by Geoff Ryman

Way back somewhen, there used to be a magazine called "The Saturday Review", where they had a Games column, where the more playful aspects of language and literature were discussed: puns, acrostics, odd turns of phrase…one entry discussed recent trends in titles for trashy paperbacks. Since Sex and Polar Adventure both sold, one reader suggested that "I Made Love to a Polar Bear" would be the perfect title to reel in a prospective reader. This was soon upped by a SD staffer who improved on it: "I Made Love to a Polar Bear For the FBI." The topper, however came when a reader improved even on this "I Made Love to a Polar Bear For the FBI…and Found Romance!"

Milena Shibush in this story, is in love with a polar bear. A female polar bear/human named Rolfa. (I don't know if that makes it better or worse.) She lives in a future London where cancer has been cured (at the cost of a dramatically shortened lifespan) viruses (called Candy) teach infants to talk and do arithmetic in the cradle, and people are purple with rhodopsin, in order that they might photosynthesize some of their own food.  There's very little metal, paper is at a premium, and nearly everything is made of bamboo, coral or other living things. Men get pregnant -- it's icky. Because of a series of mishaps, she's never been Read, which would have uploaded her personality into  the Consensus (a cloud of childrens' consciousnesses that rule everything) while ironing out a few flaws (lesbianism, for one) along the way. Also, despite being Placed in a Plum Career (like much SF, the future is Capitalized), actress in the National Theatre ("the Zoo"), she really has little talent or interest, being rather better as a director…except that she was never trained for it. (She also reads books, instead of having them spoon-fed to her through viruses.) Her ursine friend, who is barred, despite her considerable talents, from performing publicly, has written an opera, a fifty-hour (!) extravaganza based on The Divine Comedy.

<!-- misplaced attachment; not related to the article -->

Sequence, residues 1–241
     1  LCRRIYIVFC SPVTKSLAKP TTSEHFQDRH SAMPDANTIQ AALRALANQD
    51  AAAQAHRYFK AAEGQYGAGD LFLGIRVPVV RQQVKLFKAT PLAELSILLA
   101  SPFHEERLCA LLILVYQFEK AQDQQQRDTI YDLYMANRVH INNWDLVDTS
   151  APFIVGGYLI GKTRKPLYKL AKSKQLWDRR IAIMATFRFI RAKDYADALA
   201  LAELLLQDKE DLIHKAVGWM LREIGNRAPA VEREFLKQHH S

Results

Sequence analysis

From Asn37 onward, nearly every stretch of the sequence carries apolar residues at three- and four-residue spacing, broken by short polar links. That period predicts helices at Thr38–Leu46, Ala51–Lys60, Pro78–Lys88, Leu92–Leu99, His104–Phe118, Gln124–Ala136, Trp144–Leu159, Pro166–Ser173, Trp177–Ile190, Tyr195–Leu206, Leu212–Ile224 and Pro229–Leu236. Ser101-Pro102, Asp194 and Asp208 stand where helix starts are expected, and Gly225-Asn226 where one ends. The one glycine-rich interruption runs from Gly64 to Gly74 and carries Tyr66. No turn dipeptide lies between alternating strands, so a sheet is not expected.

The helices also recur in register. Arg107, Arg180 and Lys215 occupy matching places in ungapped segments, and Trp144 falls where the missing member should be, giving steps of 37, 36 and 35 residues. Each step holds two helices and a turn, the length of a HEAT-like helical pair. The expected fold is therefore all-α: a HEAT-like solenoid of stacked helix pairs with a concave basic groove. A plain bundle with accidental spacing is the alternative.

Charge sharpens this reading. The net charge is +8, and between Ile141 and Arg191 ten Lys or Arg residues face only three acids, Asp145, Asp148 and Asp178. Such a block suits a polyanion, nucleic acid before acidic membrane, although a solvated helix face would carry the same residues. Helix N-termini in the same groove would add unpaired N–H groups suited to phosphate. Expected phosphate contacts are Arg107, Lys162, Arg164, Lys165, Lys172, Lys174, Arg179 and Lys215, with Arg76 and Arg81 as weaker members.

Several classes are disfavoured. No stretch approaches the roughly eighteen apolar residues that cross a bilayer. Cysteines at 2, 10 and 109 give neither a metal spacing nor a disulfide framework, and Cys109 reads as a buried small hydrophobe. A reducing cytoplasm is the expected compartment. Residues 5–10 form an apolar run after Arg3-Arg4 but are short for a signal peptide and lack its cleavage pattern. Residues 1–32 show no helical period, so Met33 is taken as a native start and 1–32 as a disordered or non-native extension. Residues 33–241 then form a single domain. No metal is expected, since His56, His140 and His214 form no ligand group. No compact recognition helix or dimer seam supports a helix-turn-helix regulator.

The problem with post-Disastrian versions of London is that they invariably seem almost longing: as if to say, We should have quit while we were ahead. We just had to have electricity, motor cars, indoor plumbing, and modernity, and that screwed it all up. If only we could have street markets and cart-horses, the old picturesque London we used to have, where the poor died of disfiguring, yet somehow poignant illnesses at thirty-five, and the rich and powerful weren't so…um, apologetic about it all! New York, like all other cities in the nineteenth century, wanted to be London. London in the postwar twentieth century wanted to be New York, and now we're all playing catch-up with China and Korea.

And then there's the problem of time. The book is replete with every sort of flashback, flash forward and flash around that I began to feel queasy. She can remember her birth, she spends some time out in space, all the while I'm trying furiously to figure out: hey, does the bear show up again? Will her problematical lighting tech ever shut up and calm down? Could you just spit out what you're trying to say? During the last couple of chapters she hallucinates while dying of cancer, which means we're totally without any moorings whatsoever, and I can't say that I finished the book, since it didn't seem to end, but just stops.

Well, there's a great deal of what the author has to say. Part of why this book is so nigh-unreadable is because it's not aged well. It's about AIDS, and Jacques Derrida, and Medieval Italy, and a passel of Eighties obsessions which sounded important then, but aren't so much now. (OK, AIDS is still important, but HIV+ isn't a death sentence anymore.) On one hand, I'm trying to keep an open mind, but it's like trying to watch Max Headroom and pretend that "the future" isn't going to include the Internet or a revival of mid-20th century modernism. (Or for that matter, A Clockwork Orange and pretend it never went away.)

I can't say that I hate this book: it had an interesting beginning, and it won a lot of awards, so it looks like someone else liked it. It's not bad, but I can't say that it's as great as people say it is. And, does she ever make it with that damn bear?

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